Political Economy Now! is the story of one of the most substantial and enduring conflicts in the history of Australian universities. Beginning in the late 1960s, it pitted those committed to the teaching of mainstream economics at the University of Sydney against the proponents of an alternative program in political economy. The dispute continued for decades until a Department of Political Economy was established in the Faculty of Arts in 2008.
Why all the fuss over the teaching of economics? Why were the disagreements so deep and protracted? What has been at stake? Why did dissident staff and students commit so much time and energy to establishing and developing alternative courses and administrative arrangements?
The dispute involved substantial differences of opinion about the nature of the curriculum, the style of teaching, and the structures of power and decision making. Although locally focused at the University of Sydney and at its most intense during the 1970s and 1980s, the dispute also has wider implications for how we understand the economic system and the role of economic policy. It reflects a broader tension in Australian society about what economic arrangements best serve social needs.
The story of the struggle for alternative economics told from the political economists' perspective weaves together a general historical narrative with illustrations and interpretations of the causes and consequences of the conflict, and personal recollections of eleven former student activists, all now in significant professional positions.
Political Economy Now! is a fascinating read for those concerned about how a discipline of great social and political significance is understood and taught to its would-be practitioners.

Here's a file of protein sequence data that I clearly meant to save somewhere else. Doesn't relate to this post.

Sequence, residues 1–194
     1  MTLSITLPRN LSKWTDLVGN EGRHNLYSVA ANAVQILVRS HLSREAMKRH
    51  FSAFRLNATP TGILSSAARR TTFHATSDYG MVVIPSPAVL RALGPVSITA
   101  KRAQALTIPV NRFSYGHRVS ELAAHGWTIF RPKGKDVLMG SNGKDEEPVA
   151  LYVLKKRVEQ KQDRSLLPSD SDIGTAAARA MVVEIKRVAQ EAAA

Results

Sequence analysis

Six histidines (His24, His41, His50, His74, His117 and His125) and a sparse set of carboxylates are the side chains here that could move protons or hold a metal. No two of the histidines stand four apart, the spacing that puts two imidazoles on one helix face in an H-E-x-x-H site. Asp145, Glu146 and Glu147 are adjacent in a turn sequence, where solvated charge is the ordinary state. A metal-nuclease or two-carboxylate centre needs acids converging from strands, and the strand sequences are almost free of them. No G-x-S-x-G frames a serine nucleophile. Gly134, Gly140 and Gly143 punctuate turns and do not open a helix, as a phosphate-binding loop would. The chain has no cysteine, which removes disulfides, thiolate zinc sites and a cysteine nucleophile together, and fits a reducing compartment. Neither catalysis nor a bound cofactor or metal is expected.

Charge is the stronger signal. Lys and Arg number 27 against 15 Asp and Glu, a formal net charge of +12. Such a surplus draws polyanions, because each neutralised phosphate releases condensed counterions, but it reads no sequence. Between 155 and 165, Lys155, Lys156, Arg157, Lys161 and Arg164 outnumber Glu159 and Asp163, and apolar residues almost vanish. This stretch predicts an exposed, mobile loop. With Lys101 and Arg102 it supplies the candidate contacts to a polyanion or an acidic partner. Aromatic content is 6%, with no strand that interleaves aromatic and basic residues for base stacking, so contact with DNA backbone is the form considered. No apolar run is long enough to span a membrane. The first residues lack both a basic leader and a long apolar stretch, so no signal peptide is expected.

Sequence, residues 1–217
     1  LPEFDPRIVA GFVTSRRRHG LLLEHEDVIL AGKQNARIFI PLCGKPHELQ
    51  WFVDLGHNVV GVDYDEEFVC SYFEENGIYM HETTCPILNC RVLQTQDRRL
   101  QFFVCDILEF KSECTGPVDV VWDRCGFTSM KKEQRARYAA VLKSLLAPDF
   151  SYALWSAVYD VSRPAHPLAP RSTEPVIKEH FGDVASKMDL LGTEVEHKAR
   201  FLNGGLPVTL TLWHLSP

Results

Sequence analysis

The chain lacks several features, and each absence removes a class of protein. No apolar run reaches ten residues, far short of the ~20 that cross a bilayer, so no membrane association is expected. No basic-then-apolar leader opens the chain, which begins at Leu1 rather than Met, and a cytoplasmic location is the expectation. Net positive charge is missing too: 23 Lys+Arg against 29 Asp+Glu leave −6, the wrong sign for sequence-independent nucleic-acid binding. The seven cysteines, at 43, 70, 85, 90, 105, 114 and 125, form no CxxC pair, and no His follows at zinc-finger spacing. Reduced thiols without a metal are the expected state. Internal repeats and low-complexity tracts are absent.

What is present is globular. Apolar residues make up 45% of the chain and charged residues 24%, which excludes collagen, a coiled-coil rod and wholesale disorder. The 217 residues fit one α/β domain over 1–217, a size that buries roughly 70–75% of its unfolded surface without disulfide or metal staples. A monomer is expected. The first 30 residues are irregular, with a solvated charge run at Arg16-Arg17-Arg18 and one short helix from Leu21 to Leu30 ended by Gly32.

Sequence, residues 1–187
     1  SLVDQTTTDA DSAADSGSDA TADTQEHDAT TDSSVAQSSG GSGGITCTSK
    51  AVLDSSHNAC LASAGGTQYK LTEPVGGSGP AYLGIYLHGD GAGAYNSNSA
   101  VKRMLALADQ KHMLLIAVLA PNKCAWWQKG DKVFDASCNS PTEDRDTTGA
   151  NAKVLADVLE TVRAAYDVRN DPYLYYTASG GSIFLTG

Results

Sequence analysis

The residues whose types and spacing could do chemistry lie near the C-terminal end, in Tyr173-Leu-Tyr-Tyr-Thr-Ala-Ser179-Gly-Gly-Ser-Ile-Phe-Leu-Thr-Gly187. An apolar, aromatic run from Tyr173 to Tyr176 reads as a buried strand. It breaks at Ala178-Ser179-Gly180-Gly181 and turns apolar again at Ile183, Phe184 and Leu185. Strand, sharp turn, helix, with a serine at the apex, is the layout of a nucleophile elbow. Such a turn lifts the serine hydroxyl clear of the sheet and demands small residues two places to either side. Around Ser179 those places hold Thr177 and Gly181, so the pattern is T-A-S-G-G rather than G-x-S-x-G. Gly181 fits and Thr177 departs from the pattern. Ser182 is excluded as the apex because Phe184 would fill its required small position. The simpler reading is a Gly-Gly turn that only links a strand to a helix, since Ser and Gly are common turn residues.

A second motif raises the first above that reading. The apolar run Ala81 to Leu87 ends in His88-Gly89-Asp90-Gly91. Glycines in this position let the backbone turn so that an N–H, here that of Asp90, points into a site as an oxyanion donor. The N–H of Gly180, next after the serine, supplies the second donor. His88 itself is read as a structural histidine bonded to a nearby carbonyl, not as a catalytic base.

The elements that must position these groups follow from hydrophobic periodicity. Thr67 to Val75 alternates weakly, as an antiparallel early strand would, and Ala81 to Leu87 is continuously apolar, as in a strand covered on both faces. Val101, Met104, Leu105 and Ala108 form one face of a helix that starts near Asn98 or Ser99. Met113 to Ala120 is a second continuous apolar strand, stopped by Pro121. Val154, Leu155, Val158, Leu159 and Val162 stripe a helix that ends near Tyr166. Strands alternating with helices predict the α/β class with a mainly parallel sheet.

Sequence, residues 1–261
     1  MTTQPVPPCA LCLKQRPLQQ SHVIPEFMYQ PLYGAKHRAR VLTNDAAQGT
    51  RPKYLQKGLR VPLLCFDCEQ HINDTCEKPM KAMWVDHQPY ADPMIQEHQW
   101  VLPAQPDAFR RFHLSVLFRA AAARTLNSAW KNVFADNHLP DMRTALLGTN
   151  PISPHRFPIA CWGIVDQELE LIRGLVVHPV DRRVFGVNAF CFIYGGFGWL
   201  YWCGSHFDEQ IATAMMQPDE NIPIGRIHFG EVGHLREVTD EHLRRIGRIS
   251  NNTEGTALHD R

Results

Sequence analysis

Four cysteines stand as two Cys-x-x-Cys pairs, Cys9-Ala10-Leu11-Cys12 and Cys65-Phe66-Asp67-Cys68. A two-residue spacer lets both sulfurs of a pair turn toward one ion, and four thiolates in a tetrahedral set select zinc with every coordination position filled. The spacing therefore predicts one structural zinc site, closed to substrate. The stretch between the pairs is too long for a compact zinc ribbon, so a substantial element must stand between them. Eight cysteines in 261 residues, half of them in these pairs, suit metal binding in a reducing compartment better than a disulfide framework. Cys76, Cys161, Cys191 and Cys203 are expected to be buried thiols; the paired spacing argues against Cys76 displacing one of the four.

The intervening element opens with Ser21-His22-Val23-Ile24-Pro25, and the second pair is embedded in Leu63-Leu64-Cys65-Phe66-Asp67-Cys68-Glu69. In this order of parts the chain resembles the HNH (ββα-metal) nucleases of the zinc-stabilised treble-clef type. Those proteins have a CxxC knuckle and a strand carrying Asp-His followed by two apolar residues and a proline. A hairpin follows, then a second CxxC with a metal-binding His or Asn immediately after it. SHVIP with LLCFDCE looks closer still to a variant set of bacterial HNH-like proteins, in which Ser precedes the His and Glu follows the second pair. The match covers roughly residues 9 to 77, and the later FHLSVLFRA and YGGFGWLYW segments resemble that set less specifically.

Evan Jones is a retired political economist. He taught at the University of Sydney from 1973 to 2006.
Frank Stilwell is professor emeritus of political economy at the University of Sydney.
Gavan Butler is one of the founders of the department of political economy at the University of Sydney.
- Emerging conflict
- Getting started
- Resolve or resign!
- More struggles
- A long march
- A significant shift
- What’s wrong with economics?
- Pedagogy and power
- Intellectual suppression
- Market forces
- Dissent and legitimacy
- Whither political economy?
Chronology of principal events
'The story of the long struggle is now documented in Political Economy Now!, penned by three of main combatants in the fight – Frank Stilwell, Gavan Butler and Evan Jones. These renegade academics were not deterred by the David and Goliath situation that emerged'
Joy Dodds Journal of Australian Political Economy
'I read Political Economy Now! in one sitting, and I found it lively and engaging throughout ... Sydney University deserves credit for permitting one of its subsidiaries to publish a book that is, in places, severely critical of its own management and some of its most powerful
J.E. King History of Economics Review
Size: 210 × 148 × 13 mm
4 colour illustrations and 47 b&w illustrations
Publication: 29 May 2009